Do you know how many apps are available in iTunes App Store? About 2.2 million. Looking for an app to track the weather? There are just shy of 100 that will tell you whether it’s raining.
This deluge is at least partly due to the growing number of tools that allow people with little technical ability to manufacture apps on any given topic simply by filling in a pre-built template. The Store Finder, for example, gives any store owner the ability to create an app for their franchise chain, complete with user reviews, directions, nearby store locator, and push notifications.
Want to build a news app like those offered by CNN or The New York Times? The BlogNews template promises you can have it ready for submission to Apple in 10 minutes! And there are over 1,400 of these types of templates offered through the Code Canyon marketplace alone.
For Apple, this is a problem: If the App Store gets flooded with similar, potentially low-quality offerings, people have a hard time finding the high-quality apps they’re looking for and Apple’s revenue takes a hit. While apps produced by templates are not necessarily low-quality, anything that can be churned out in 10 minutes will tend to be thin and less than professional.
And this, in a nutshell, is the reason behind the now infamous Rule 4.2.6 of Apple’s developer guidelines: “Apps created from a commercial template or app generation service will be rejected.”
However, a number of app providers in the events industry have been interpreting Rule 4.2.6 to mean that “white-label event apps,” those with similar functionality and structure, but unique branding and content for individual events or associations, will be included in this ban.
For two basic reasons, I believe this is a misinterpretation of Apple’s rule and that white-label event apps are safe:
1. It doesn’t fit Apple’s goals.
2. It would create a bad customer experience.
Apple has a problem: Whenever a new app becomes popular, thousands of copycats appear, hoping to ride the shirttails of a rising star. When Flappy Birds was the hit app, for example, more than 60 clones were submitted to the app store every day. Not only did that spell trouble for the hit app developers, but consumers looking for the original hit app became confused by the shoddy clones and were left unsure what to buy.
Apple customers having a hard time finding good apps in its App Store is a problem Apple needs to solve, and that is why it introduced Rule 4.2.6.
But this simply isn’t the case with event industry apps. Do you know how many apps there are for the CJ University’s CJU 2017 conference? Exactly one. How about Meeting Professional International’s World Education Congress 2017? One. The Professional Convention Management Association’s Convening Leaders? One.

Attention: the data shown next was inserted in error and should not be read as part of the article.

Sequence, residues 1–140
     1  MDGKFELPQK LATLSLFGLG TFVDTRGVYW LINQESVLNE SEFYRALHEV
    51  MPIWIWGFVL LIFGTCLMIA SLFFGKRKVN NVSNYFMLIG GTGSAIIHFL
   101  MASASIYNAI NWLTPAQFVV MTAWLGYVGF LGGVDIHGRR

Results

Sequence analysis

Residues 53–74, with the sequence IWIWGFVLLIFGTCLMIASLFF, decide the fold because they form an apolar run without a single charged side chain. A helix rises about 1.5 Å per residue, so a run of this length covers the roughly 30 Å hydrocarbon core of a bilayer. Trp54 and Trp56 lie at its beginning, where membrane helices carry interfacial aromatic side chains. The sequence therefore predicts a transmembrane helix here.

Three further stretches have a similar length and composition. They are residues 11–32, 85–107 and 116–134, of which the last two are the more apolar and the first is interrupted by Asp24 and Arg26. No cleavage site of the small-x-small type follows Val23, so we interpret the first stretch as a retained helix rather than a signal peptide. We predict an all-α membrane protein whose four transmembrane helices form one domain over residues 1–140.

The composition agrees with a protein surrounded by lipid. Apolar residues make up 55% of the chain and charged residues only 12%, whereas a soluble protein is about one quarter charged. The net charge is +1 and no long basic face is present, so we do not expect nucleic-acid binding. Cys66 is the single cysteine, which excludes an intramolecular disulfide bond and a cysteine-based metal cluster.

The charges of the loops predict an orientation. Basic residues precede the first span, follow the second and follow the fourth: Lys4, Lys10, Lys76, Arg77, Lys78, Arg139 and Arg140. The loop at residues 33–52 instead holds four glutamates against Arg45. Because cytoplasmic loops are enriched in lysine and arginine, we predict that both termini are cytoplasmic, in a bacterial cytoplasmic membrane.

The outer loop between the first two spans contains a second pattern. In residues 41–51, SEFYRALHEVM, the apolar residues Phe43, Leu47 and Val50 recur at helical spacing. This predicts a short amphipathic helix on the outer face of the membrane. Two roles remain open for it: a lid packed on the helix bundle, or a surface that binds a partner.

App copycatting simply isn’t a problem for event industry apps, so there is no reason for Apple to suppress them, regardless how they are built.
Apple has achieved its success through single-minded devotion to creating superb user experiences. But eliminating the white-label event app would be just the opposite.
Apple wants people to quickly and easily find and install the apps that meet their needs.
Imagine that you want to attend Apple’s Worldwide Developers Conference (WWDC). You open the App Store and search for the event by name, find it, and install the app. Great experience!
Now imagine that Apple was stuck with a “universal app” (i.e., a single, vendor-branded app that wraps up all its clients’ events). Now, you search for WWDC and find nothing. Instead, you have to go to the event’s website, discover the name of vendor the planners contracted, then go back to the app store, search on that vendor, install its app, open it, then search inside that app for the WWDC.
That is the exact opposite of superb. Event planners don’t want it, attendees don’t want it, and Apple doesn’t want it.
Although Rule 4.2.6 was introduced in June 2017, to the best of our knowledge, there has been no enforcement of it against white-label event apps. There was a brief scare when one anonymous app developer reported receiving rejections, but this was quickly walked back when it became clear that no other app developers had seen similar rejections.
As you read blog posts and scaremongering e-mails from universal app vendors, remember this: Apple is notoriously secretive. Nobody has any inside information. Everything you’re reading is based on reading the tea leaves (and then reading articles by other people reading tea leaves). When everyone is saying the same thing, it can create an impression of a consensus, but if that consensus was built from people who read the same source article; it is no more likely to be true than that single, original article.
At Pathable, we produce dozens of event apps for associations, corporations, and tradeshows every month, and have had exactly zero rejections based on this rule. We don’t expect that to change.
Jordan Schwartz is CEO of Pathable Inc.
Editor's note: Do you agree? Disagree? Please leave a comment below or email Sue Pelletier at [email protected]